In an accompanying editorial,Edward V. Nunes, MD, writes that the finding that gabapentin prevents relapse in alcohol-dependent patients is “an important development.”

“This well-designed and well-powered trial replicates the positive findings of several previous smaller trials,” Dr. Nunes writes.

He notes that a large proportion of alcohol-dependent patients presenting to family physicians fall into the mild to moderate range of alcohol dependence, which further suggests “the strong potential for gabapentin in the treatment of alcohol dependence in primary care.”

Acting director of the National Institute on Alcohol Abuse and Alcoholism, Kenneth R. Warren, PhD, said, “Gabapentin adds to the list of existing medications that have shown promise in treating alcohol dependence. We will continue to pursue research to expand the menu of treatment options available for alcoholism in the hopes of reaching more people.”

How Exercise Can Moderate Brain Damage Caused by Drinking.



It’s well known that chronic, heavy drinking damages your brain and actually speeds up the brain shrinkage that occurs with age.  This is associated with memory loss, symptoms of dementia and cognitive decline.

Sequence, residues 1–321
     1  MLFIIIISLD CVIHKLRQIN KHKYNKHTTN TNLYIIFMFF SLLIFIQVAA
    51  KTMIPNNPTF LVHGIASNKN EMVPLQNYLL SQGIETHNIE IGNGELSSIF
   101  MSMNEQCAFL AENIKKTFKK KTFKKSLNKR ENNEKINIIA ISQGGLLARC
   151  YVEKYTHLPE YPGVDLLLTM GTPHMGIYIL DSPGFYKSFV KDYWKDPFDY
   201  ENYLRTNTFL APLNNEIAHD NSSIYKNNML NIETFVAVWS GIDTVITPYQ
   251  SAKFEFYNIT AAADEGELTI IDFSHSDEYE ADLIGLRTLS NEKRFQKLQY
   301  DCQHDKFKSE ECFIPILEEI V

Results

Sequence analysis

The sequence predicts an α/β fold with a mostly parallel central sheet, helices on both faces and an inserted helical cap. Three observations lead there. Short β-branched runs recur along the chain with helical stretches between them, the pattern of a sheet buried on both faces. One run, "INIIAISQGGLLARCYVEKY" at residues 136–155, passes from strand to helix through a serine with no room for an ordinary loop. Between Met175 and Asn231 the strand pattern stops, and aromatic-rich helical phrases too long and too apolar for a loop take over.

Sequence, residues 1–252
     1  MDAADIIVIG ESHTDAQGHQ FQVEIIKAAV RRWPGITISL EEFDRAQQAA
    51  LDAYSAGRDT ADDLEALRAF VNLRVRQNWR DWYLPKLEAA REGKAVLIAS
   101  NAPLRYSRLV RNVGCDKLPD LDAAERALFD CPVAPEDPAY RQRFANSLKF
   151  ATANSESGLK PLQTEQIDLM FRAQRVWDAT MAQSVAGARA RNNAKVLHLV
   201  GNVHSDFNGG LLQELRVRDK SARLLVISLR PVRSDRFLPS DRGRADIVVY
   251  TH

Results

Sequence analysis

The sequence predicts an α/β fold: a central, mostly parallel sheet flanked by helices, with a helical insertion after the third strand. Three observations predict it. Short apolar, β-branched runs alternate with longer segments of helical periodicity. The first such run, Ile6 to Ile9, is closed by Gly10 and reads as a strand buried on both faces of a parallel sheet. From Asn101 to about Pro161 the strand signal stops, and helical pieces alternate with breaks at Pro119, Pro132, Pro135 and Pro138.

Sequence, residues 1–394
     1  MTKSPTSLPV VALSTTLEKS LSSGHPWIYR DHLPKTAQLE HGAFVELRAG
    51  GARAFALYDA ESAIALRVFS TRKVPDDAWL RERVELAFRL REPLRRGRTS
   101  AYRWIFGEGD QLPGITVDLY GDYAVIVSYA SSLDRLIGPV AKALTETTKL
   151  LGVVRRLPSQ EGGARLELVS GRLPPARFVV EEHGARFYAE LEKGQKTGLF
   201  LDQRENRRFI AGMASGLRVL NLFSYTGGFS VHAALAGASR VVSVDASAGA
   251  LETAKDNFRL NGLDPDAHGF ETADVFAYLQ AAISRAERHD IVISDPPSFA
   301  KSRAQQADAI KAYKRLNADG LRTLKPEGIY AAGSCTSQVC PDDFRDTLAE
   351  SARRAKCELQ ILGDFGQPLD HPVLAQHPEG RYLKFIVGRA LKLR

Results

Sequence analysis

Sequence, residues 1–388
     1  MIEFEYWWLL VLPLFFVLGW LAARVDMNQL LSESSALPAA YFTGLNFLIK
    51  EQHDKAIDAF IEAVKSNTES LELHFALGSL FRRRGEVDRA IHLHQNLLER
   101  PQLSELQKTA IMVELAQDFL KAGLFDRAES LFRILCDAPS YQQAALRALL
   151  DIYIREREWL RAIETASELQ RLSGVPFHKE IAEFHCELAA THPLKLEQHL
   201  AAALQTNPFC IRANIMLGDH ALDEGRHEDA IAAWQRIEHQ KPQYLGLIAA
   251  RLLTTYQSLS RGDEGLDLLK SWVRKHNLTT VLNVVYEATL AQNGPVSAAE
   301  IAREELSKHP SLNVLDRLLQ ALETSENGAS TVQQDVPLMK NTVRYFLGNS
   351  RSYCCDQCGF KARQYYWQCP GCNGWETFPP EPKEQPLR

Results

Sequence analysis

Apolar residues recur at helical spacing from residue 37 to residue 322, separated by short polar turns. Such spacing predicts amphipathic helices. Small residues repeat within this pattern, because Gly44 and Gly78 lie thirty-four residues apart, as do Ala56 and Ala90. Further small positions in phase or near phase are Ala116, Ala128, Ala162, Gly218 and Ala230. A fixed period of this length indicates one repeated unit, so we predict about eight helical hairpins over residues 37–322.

Physical exercise is touted as one of the key ways to protect against brain shrinkage and other age-related brain changes, and now it appears it may help protect against some of the brain damage caused by drinking.

Exercise May Help Protect Your Brain From Alcohol-Related Damage

Among 60 long-time drinkers, those who were the most physically active had less damaged white matter in their brains compared to those who were less active.1The white matter is considered the “wiring” of your brain’s communication system, and is known to decline in quality with age and heavy alcohol consumption.